The Fintech 2.0 paper acknowledges that Bitcoin represents the best existing example of a distributed ledger, and goes on to identify important advantages of distributed ledgers: near-real-time and irrevocable settlements, robust P2P (peer-to-peer) transactions verified by tamper-proof networks without central management cost overheads, and permanent records of all transactions that can be monitored and audited by all participants.
According to the paper, it's only a matter of time before distributed ledgers become a trusted alternative for managing large volumes of transactions.
The paper notes that international payments remain slow and expensive, and significant savings can be made by banks and end-users bypassing existing international payment networks, and suggests that distributed ledger technology could reduce banks' infrastructure costs attributable to cross-border payments, securities trading and regulatory compliance by between $15 billion and $20 billion per annum by 2022.
This figure is derived by Oliver Wyman's analysis of remittance data from the World Bank, World Federation of Exchanges, Oxera and Financial Times, is too impressive to ignore, and now the major banks are "hopping on the blockchain bandwagon" as reported in November by Nasdaq.
"The research underpinning the paper has identified several markets with huge potential," said Emmet Rennick, head of innovation at Oliver Wyman. "In these areas banks can realize efficiencies, customers benefit from better services and [fintech startups] can grow their businesses."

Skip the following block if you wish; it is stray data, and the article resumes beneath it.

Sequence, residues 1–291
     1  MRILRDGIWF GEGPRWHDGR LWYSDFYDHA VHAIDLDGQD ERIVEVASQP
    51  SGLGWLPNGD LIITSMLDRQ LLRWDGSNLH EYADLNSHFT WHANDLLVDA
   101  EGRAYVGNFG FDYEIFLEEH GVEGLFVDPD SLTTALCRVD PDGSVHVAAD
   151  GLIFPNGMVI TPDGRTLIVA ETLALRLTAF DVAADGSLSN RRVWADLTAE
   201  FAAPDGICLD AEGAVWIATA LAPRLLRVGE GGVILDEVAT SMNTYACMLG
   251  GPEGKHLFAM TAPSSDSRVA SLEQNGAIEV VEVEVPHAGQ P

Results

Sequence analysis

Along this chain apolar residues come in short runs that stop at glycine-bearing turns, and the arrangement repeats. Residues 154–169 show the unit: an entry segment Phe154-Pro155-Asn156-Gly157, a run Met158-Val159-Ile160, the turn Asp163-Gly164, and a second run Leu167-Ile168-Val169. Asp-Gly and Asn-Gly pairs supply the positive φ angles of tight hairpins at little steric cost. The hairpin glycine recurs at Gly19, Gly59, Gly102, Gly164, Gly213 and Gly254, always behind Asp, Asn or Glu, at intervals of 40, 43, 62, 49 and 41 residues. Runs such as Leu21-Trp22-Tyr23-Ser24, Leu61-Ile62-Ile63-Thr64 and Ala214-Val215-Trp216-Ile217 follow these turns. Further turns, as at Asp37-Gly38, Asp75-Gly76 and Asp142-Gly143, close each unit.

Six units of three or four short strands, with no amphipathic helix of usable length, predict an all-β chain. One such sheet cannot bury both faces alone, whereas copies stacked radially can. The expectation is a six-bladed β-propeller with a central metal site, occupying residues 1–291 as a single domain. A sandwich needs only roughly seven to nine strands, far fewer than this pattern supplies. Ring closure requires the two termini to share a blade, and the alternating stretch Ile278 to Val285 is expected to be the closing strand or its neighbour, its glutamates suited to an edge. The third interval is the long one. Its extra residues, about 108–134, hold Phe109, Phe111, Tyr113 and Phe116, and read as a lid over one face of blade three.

According to Andrew Veitch, Director of Anthemis Group, "the greatest opportunity in the industry lies at the meeting point of large financial institutions and young, ambitious startups."
According to the paper, fintech 2.0 will offer substantial opportunities, such as streamlining the processes surrounding the creation of $25 trillion of new mortgages issued annually across the globe. Elsewhere, an estimated $4 billion is lost through inefficiency in global collateral management within the asset-leasing sector.
These are two of several opportunities identified in the paper, which also outlines opportunities for banking innovation based on the "Internet of Things" (IoT), smart data, distributed ledgers and frictionless processes beyond payments and consumer credit.
A problem identified by the paper is that financial technology developers and startups (fintechs) are still operating only at the edges of banking. To help engineer more fundamental improvements to the banking industry, they must now be invited inside, to contribute to reinventing core infrastructure and processes in the financial system.
According to the paper, such reinvention can only be brought forward by a collaborative endeavor of banks and fintechs working together as partners.
"Funds alone are not enough," said Mariano Belinky, managing principal of Santander InnoVentures. "To move to the next phase of evolution in financial services, banks need to invite fintechs to work within our industry, even inside our own businesses. Santander is committed to achieving innovation by partnering with fintech startups. That means investing in funding, but also giving access to our expertise, as well as utilizing our client base and our own innovation initiatives."
The message to banks and to fintechs is the same, concludes the paper. "If you can't beat them, you should join them to achieve Fintech 2.0."
Following the analysis and recommendations outlined in the paper, in November Santander InnoVentures, in collaboration with Onevest, a leader in the startup ecosystem, launched a Distributed Ledger Challenge to encourage and support early stage startups using distributed ledger technologies in the financial services industry.
The competition will take place in New York City at the end of January 2016.